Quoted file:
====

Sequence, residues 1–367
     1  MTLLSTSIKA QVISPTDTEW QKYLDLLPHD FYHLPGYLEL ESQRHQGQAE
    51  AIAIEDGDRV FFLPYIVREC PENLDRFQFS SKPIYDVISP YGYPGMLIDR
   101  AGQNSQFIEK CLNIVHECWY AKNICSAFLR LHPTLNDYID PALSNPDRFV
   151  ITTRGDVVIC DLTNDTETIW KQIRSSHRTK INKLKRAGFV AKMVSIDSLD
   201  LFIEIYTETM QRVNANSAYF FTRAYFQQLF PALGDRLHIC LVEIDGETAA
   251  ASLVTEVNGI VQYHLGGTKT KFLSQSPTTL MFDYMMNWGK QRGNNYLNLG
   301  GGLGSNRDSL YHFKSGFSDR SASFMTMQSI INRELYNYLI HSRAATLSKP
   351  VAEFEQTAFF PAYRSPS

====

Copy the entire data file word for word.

Sequence, residues 1–367
     1  MTLLSTSIKA QVISPTDTEW QKYLDLLPHD FYHLPGYLEL ESQRHQGQAE
    51  AIAIEDGDRV FFLPYIVREC PENLDRFQFS SKPIYDVISP YGYPGMLIDR
   101  AGQNSQFIEK CLNIVHECWY AKNICSAFLR LHPTLNDYID PALSNPDRFV
   151  ITTRGDVVIC DLTNDTETIW KQIRSSHRTK INKLKRAGFV AKMVSIDSLD
   201  LFIEIYTETM QRVNANSAYF FTRAYFQQLF PALGDRLHIC LVEIDGETAA
   251  ASLVTEVNGI VQYHLGGTKT KFLSQSPTTL MFDYMMNWGK QRGNNYLNLG
   301  GGLGSNRDSL YHFKSGFSDR SASFMTMQSI INRELYNYLI HSRAATLSKP
   351  VAEFEQTAFF PAYRSPS